De Klerk had his moment of truth nine days earlier, in an address to the all-white parliament that coined the phrase “a new South Africa”. “There were gasps in the house, yes,” said De Klerk, “but not at the news of Mr Mandela’s release. The gasps came when I announced the unbanning not only of the ANC but also the South African Communist party and of all affiliated organisations, which included the armed wing of the ANC, Umkhonto we Sizwe. There were gasps then and, from the far-right party, protests and boos.”
Moreover, releasing Mandela was more than just a goodwill gesture to pacify Black South Africans. Instead, de Klerk released Mandela and legitimized opposition parties for the express purpose of negotiating with them to draft a new constitution and to establish procedures for the transition to a genuine democracy that guaranteed full citizenship rights – including the right to vote and to hold office – to all South Africans.
In South Africa, however, the process was long and drawn out. De Klerk became president in September 1989, Mandela was released in February 1990, but the first truly democratic elections under the new constitution did not take place until April 1994. It is a testament to Black South African leaders like Nelson Mandela that the majority population displayed such patience after literally decades of Apartheid; but South Africa’s experience from 1989 onward is hardly typical: As any student of history knows, the hallmark of popular revolutions throughout the world has been that they do not occur at the height of repression, but occur when dictators begin slowly to lift the yoke of repression through minor reforms and promises of freedoms to come at a later date. Because when people are truly repressed, they’re too busy trying to survive from day to day to organize and rise up; but when they get a taste of reform – when they actually begin to think that freedom may be possible – that’s when their expectations begin to rise. And almost invariably, peoples’ expectations rise faster than their dictators’ are willing to concede power; and very soon the minor, begrudging reforms and those little whiffs of freedom that a repressive regime allows will no longer mollify the people, but, in fact, serve only to enrage them.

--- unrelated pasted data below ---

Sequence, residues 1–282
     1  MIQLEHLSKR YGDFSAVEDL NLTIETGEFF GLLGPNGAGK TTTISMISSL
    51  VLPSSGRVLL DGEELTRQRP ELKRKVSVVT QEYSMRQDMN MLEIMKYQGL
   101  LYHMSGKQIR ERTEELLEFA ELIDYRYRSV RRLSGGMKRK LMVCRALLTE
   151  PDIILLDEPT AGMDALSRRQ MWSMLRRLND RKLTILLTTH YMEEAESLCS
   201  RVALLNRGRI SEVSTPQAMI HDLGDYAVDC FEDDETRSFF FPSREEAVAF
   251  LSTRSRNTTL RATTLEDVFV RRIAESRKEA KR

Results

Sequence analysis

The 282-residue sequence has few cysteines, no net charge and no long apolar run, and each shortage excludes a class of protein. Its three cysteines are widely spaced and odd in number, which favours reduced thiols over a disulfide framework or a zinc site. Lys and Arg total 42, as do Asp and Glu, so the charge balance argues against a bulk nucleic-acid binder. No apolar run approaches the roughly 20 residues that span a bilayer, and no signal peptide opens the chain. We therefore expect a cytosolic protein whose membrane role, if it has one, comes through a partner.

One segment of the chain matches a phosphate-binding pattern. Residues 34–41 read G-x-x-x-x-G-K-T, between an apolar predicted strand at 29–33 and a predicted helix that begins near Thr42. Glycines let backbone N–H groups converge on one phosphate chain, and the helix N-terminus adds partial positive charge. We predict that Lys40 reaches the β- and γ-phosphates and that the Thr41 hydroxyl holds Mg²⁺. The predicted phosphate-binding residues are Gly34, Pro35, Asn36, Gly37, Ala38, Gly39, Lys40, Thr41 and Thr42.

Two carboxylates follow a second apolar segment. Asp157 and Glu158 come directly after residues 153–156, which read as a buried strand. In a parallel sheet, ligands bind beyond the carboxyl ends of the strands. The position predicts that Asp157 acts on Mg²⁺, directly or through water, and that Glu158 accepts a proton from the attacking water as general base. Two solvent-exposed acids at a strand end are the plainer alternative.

That’s when people demand change, and that’s when they will fight for it.
So here we are in Egypt, with Mubarak still in power and Suleiman, Egypt’s putative de Klerk – assuming he aspires to be Egypt’s de Klerk – taking possession of some presidential powers, but not the critical powers necessary to change the constitution and meet the protesters’ demands. That’s a role that would be difficult enough under normal circumstances, but seems to be nearly impossible given that Mubarak’s left Suleiman effectively hamstrung.
Nonetheless, if Suleiman wants to grab his de Klerk moment the time to do it is right now, but he’s got to do what de Klerk did on a much quicker timeframe: Free political prisoners, negotiate with the opposition, recognize all legitimate opposition parties, including the Muslim Brotherhood, and do whatever is necessary to force Mubarak to agree to constitutional reforms or get Mubarak to resign so that Suleiman can work with the opposition to reform it himself. Or, of course, he and Mubarak can both resign and let real reformers transform Egypt’s government.
Otherwise, Omar Suleiman can go down in history as the guy who dropped the match on Egypt’s poweder keg. The choice is his.
© 2011 David P. von Ebers. All rights reserved.